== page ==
Raring to boldly go next
Astronauts prepare for a May shuttle launch, though continuing foam problems may delay it.
By CURTIS KRUEGER
Published February 18, 2006
CAPE CANAVERAL - Six astronauts selected for the next space shuttle mission say they are eager and hopeful to launch in as few as three months, even though NASA still is evaluating potentially dangerous foam that fell during the last flight.
"We're very ready to go and confident in the work everybody here and all the teams are doing, and looking forward to a having a great mission," said first-time astronaut Lisa Nowak, in a news conference at Kennedy Space Center.
NASA last year launched the shuttle Discovery for the agency's first manned space flight since the 2003 tragedy of Columbia, which disintegrated as it returned to Earth because it had sustained damage during launch from falling foam.
When foam also fell during last year's flight of Discovery, it was a blow to NASA, because it spent years and tens of millions of dollars to try to prevent the shedding material that had previously doomed Columbia. The foam is an insulator that covers most of the external tank, the giant torpedo-shaped container that holds half a million gallons of rocket fuel.
The potential danger from the latest foam episode was considered so serious that even as Discovery orbited Earth last summer, NASA announced it would suspend any future shuttle flights until it satisfactorily resolved the issue.
The astronauts Friday said NASA is continuing to fix the foam problem by redesigning and testing portions of the external tank. They hope work will be successful and allow them to launch in May.
"We will lose foam on this flight, just like every other," said commander Steven Lindsey, who will be making his fourth space flight. "The key is to make sure that the foam we do lose is a small enough size so it can't hurt us if it hits the vehicle."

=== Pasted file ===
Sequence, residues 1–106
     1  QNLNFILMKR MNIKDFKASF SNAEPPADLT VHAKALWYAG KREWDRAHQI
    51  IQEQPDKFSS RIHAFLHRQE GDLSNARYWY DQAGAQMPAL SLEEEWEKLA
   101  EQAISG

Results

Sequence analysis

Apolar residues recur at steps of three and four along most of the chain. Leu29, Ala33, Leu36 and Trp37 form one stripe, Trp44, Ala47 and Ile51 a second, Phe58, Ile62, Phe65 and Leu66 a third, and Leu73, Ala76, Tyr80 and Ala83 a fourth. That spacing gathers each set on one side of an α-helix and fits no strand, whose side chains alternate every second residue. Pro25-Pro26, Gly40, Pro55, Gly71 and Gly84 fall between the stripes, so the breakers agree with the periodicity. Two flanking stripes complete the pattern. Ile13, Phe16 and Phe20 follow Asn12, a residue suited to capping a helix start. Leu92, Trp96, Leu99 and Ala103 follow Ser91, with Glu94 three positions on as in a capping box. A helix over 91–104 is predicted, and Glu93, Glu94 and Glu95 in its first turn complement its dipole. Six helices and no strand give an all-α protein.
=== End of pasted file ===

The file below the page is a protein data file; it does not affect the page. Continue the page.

The astronauts are forging ahead with their training in hopes that Discovery will be ready to fly in May, but acknowledged the schedule could be pushed back. They had come to Cape Canaveral to practice working with some of the equipment they will use aboard Discovery on their flight.
Their mission plan calls for three spacewalks and further testing of techniques for repairing the vital external tiles that shield the spacecraft from blistering heat as it re-enters Earth's atmosphere.
In the wake of the Columbia disaster, NASA came under intense criticism for a closed-mouth management culture that discouraged employees from speaking up about even potentially deadly problems such as the falling foam.
The astronauts chosen for the new 12-day mission, just like those of last summer's flight, say they think their NASA colleagues are working intensely to ensure the astronauts' safety.
But Lindsey, who has been an Air Force test pilot, was frank in acknowledging the risks.
"It's a complex mission, it's a complex vehicle, a complex and dangerous business," he said. All the analysis in the world will not replicate space flight itself, he said.
"Every flight I've been on, there's something unexpected that happens. That's the nature of the business we're in."
Besides Lindsey and Nowak, the astronauts who spoke Friday included pilot Mark Kelly and mission specialists Mike Fossum, Stephanie Wilson and Piers Sellers. One other crew member, Thomas Reiter of the European Space Agency, was not present. Reiter is scheduled to fly into space aboard Discovery, and then will join an existing crew at the International Space Station and remain there as the others return to Earth.
Times staff writer Curtis Krueger can be reached at firstname.lastname@example.org or at 727 893-8232.
[Last modified February 18, 2006, 02:15:16]
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